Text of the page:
The 2017 Sony World Photography Awards is now open and free for all photographers to enter into any of the following four competitions:
• Professional competition - judged on a body of work
• Open - rewards the best single images ○ National Awards - entries submitted to the Open competition are automatically entered into the National Awards based on nationality (please check if your individual country is participating).
• Youth - for all photographers aged 12-19, a single image responding to the theme ‘Beauty’
• Student Focus - for those studying in a full time photography course, 1st challenge: 'Memories'
The 2017 Categories
The Professional competition is judged on a body of work. Photographers must submit a minimum of 5 and maximum of 10 images and all submissions must be accompanied by a series description.
Judges are looking to clearly see the creative vision of the artist in each of the categories. Aesthetic qualities to the work are primary. Images do not need to be sequential or narrative driven, but as a group they must form a coherent portfolio of work. Manipulation of images is allowed. Your creative vision should be clearly understood by the judges in your series description.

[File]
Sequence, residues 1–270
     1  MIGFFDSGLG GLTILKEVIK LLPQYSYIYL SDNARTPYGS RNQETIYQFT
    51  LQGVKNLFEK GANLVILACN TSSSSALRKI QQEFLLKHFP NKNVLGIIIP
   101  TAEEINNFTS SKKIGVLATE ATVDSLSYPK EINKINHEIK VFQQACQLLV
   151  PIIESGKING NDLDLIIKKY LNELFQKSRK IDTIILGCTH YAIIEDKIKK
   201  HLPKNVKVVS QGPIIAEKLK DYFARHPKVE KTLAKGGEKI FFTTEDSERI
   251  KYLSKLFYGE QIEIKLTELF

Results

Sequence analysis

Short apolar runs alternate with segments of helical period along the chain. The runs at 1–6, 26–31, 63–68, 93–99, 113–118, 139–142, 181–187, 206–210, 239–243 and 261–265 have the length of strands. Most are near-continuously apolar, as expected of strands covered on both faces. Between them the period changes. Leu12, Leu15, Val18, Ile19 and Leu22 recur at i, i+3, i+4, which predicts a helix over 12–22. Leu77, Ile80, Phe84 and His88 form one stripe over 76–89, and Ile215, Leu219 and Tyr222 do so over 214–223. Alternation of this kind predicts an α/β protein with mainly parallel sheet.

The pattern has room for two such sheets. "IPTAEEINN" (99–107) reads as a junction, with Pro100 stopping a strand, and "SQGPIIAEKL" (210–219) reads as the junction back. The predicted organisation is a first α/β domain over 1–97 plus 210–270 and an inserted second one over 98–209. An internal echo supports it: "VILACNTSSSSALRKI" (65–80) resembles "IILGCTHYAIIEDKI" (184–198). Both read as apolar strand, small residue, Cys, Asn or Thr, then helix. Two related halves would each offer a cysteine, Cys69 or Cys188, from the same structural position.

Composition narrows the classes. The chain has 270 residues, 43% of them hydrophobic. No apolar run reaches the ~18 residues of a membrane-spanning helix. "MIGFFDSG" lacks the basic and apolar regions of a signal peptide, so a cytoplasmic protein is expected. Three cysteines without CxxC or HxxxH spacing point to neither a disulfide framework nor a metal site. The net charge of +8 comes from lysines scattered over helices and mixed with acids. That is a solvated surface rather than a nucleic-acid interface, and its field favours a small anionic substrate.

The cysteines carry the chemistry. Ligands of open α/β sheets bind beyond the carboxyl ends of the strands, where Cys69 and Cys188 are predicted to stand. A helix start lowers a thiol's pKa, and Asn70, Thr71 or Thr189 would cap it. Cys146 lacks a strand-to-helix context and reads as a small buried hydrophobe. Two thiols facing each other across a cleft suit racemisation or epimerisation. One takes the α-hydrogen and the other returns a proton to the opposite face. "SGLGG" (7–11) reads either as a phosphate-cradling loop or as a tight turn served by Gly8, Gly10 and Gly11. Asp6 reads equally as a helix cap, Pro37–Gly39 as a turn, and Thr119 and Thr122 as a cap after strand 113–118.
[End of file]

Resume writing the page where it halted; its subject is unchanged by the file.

Architecture – the judges are looking for the ability to capture three-dimensional worlds into two-dimensional, whilst retaining the original qualities. Light, angle and scale are key factors but the subject matter can be wide-ranging.
Conceptual – the body of work in this category should be staged to represent an idea. Originality and creativity should have no boundaries and the concept should be preconceived and understood by the viewer.
Landscape – showing spaces within the world in all their varieties, from large scale aerials to microscopic views. Judges will focus on the aesthetic quality of the final images.
Natural World – judges are looking for artistic images of our natural, physical or material world. The category should be understood in its widest sense, from flora and fauna to wildlife.
Portraiture – the subject in the body of work is expressly aware that their portrait is being taken. The resulting images demonstrate a likeness to the subject and convey expression, emotion and / or personality.
Still Life – often a group or an arrangement of objects, Still Life typically depicts inanimate subject matters. The approach can be classic or innovative and bold. Judges will closely consider composition, lighting and framing when viewing the work.
Judges are looking to clearly see representational photography in each of these categories. Usually it would chronicle events or environments, champion causes or highlight social issues in the current world we live in. Your creative vision should be clearly understood by the judges in your series description.
Current Affairs & News – judges are looking for a body of work that documents a specific story of historical fact that has a news or current affairs agenda. The story could be of global or local concern. Image processing is allowed but it is the responsibility of the photographer to not manipulate or enhance the images in such a way that they distort or change the reality of the scene shot.